Friday, May 1, 2009

I have had a couple people ask me about my yogurt, so I thought I should post about it.  

When I responded to someone's offer of a crockpot on Freecycle, I also got a yogurt-maker in the bargain.  Whoo-hoo!  I've actually only made yogurt twice because I found it to be barely cheaper than the plain yogurt I can purchase here and I don't have a candy thermometer (yet!), so I always feel nervous about the outcome.  However, it's worked out great both times and I am starting to experiment with flavored yogurts - which would save more money.  I'll share both methods I've tried.

Here is the basic yogurt-making method that I have used:

Homemade Yogurt
                      1 quart of milk (I use whole because it will set better, but would like to try less 
                                          sometime.)
                      1/3 c. milk powder; opt. (again, helps it to get thicker)
                      1 T - 1/2 c. plain yogurt (with active bacteria) or recommended amount of      
                                          powdered culture

Heat the milk to 180ºF (when the milk starts to froth) stirring frequently.  Add milk powder.  Remove from heat and allow to cool down to 110ºF (this step can be sped up by placing pan in a basin of cool water).  Add the cultured yogurt.  Incubate for 8 hours or overnight.  Place in fridge to cool.  Reserve enough in freezer for next yogurt making day. Enjoy!

Incubating methods:

The best way is to use a yogurt maker, but here are some other possible methods I found here:


Method A:Prewarm oven to 200 degrees F and turn off. Use an oven thermometer to monitor temperature — do not let it drop below 100 degrees F. Turn oven on for short periods during incubation to maintain a temperature of 108 degrees F to 112 degrees F.
Method B:Line an ice chest (picnic cooler) with aluminum foil. Place four, one-quart jars filled with hot water (about 140 degrees F) inside the ice chest with the yogurt container(s) and cover ice chest with a tight-fitting lid. Allow space between jars and container(s) of yogurt.
Method C:Nestle several cardboard boxes inside each other, placing crushed newspapers between each box. Continue as directed in Method B for ice chest.
Method D:A simple way to incubate a small amount of yogurt is to pour the yogurt mixture into a wide-mouth thermos and cover with a tight lid. When the yogurt is ready, loosen the thermos lid before storing it in the refrigerator so the yogurt can cool rapidly.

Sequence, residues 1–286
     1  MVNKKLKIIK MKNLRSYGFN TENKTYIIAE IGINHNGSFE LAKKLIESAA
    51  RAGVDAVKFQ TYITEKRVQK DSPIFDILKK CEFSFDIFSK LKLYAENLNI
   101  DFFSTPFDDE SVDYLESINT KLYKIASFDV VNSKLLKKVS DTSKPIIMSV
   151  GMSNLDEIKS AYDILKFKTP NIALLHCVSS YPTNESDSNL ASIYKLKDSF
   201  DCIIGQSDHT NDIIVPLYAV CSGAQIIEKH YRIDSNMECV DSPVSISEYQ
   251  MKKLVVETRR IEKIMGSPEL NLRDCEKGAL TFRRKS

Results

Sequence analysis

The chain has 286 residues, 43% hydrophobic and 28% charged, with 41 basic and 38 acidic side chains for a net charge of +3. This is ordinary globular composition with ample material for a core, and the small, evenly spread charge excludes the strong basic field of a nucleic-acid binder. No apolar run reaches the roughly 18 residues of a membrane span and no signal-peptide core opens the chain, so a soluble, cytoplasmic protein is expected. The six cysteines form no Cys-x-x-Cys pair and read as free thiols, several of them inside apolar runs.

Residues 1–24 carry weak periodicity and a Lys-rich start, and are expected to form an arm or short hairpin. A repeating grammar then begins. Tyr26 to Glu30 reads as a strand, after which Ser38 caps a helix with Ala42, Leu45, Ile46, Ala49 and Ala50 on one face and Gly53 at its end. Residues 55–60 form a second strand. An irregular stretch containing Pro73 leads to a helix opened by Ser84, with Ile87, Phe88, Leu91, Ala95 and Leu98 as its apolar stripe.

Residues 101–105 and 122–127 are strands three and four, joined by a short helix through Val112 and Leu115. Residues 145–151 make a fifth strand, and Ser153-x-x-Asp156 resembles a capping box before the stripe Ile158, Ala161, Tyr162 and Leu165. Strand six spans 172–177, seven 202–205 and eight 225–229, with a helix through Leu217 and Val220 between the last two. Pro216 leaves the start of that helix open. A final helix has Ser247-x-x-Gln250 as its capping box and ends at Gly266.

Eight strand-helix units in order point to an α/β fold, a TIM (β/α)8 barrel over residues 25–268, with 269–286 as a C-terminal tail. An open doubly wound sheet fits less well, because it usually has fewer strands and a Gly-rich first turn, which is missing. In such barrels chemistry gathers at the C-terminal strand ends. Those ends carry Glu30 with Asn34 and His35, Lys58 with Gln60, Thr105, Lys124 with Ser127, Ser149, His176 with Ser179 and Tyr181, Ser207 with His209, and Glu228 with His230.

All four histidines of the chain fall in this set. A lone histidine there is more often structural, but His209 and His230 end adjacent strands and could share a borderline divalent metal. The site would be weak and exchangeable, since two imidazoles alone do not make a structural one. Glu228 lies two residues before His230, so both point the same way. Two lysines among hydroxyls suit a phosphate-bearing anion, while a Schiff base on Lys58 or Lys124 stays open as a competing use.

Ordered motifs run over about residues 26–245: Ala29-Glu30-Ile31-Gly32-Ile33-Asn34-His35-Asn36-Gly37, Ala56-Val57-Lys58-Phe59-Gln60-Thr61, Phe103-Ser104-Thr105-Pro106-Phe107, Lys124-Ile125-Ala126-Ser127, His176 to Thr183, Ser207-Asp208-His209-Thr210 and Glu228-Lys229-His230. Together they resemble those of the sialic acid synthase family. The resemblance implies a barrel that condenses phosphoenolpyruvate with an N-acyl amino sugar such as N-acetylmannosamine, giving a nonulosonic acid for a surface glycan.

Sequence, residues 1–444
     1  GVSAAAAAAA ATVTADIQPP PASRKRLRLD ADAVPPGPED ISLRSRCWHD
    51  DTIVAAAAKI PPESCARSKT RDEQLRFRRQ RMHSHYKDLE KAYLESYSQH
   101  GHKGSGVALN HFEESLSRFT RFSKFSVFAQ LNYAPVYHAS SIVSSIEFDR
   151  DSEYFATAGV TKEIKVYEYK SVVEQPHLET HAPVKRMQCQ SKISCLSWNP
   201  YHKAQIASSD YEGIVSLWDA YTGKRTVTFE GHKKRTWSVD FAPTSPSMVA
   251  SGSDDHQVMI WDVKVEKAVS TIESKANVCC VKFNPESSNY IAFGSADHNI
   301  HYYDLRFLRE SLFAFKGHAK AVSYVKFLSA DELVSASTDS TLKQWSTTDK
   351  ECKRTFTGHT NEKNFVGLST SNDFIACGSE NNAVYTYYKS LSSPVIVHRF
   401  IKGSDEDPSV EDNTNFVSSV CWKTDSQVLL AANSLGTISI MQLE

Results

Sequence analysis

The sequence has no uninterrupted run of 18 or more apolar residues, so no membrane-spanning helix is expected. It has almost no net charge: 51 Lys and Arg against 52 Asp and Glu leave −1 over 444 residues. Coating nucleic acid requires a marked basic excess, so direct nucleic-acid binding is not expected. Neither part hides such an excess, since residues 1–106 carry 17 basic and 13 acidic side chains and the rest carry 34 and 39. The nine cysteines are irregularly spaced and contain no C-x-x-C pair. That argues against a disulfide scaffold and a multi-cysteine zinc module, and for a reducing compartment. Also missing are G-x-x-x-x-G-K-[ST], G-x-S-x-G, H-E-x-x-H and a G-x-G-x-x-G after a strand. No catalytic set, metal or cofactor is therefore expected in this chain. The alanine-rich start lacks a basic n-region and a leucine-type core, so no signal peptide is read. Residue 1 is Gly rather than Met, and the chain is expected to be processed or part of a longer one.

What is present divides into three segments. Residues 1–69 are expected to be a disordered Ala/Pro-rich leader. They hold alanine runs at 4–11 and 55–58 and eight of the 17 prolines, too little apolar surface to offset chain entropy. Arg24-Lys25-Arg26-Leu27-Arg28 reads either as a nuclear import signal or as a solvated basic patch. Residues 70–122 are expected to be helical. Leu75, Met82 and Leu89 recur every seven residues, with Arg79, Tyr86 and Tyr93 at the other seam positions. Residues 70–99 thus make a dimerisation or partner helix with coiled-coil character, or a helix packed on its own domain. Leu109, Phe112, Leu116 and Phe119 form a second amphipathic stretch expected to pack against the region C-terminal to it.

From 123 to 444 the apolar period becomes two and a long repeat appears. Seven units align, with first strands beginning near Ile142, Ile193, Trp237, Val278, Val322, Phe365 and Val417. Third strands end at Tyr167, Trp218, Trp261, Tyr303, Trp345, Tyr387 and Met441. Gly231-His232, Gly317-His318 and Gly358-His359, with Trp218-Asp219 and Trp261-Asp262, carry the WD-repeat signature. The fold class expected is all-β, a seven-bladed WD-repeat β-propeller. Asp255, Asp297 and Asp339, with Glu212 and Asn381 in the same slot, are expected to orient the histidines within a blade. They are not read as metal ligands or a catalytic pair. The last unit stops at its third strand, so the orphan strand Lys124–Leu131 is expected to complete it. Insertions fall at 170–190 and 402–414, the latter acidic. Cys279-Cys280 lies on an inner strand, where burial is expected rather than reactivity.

Method E:Set filled container(s) of yogurt on a towel-covered heating pad set on medium heat in a sheltered corner on a kitchen counter. Cover the jars with several towels.


One other method that I have never tried, but sounds extremely easy is to use the crockpot.

Goodness.. all this talk about yogurt made me crave some.  So, I was helping myself in the kitchen when my toddler discovered me.  I wanted to take a picture of the bliss we were experiencing as we exclaimed over each bite, so I got my camera and made it back in time to pull him off the counter where he was trying to get to more of that yummy yogurt.  Between the two of us, we finished off the container. 

Flavoring Yogurts
Note: You should not use a flavored yogurt as the starter for your next batch.  It is best to freeze plain yogurt in correct portions for that purpose or just make it each time with a store-bought starter.

After heating milk, add 1/4 to 1/2 cup sugar, honey, maple syrup, chocolate syrup, malt, molasses or sweetener. Add 1 TBSP of extract - vanilla, lemon, almond, peppermint or instant coffee.  Allow to cool to 110ºF, add culture, blah, blah.. carry on as usual.  (I used sugar and vanilla for my trial run and it was GOOD!)

Other options: add 1 tsp. of ground spices - cinnamon, nutmeg, mace, ginger

For jam, preserve or peanut butter flavors, add 1 TBSP to the bottom of the cup containers before incubating. (Assuming you are using a yogurt maker, otherwise you will need about 6x the amount for the whole batch.)

Fresh fruit should always be added after the yogurt has set as it will inhibit the process.

I would love to hear about your yogurt-making experiences or flavors that you have enjoyed.

Comments (2)

On May 4, 2009 at 9:50 PM , Anna said...

I've never tried it with whole milk before...but definitely want to now. After the price of powdered milk shot way up, I found buying the plain kind and adding my own berries and sweeteners was cheaper than making it. But--if it works with whole milk that would definitely be worth trying. :) Thanks for all the great tips!

 
On May 5, 2009 at 11:55 AM , Jia Le said...

I hope it works for you. I want to try it with 2% sometime, but I don't know if it will set as well. From what I've seen online, it seems that people who use milk with low fat content tend to add gelatin to make their yogurts thicker. That might be worth a try too.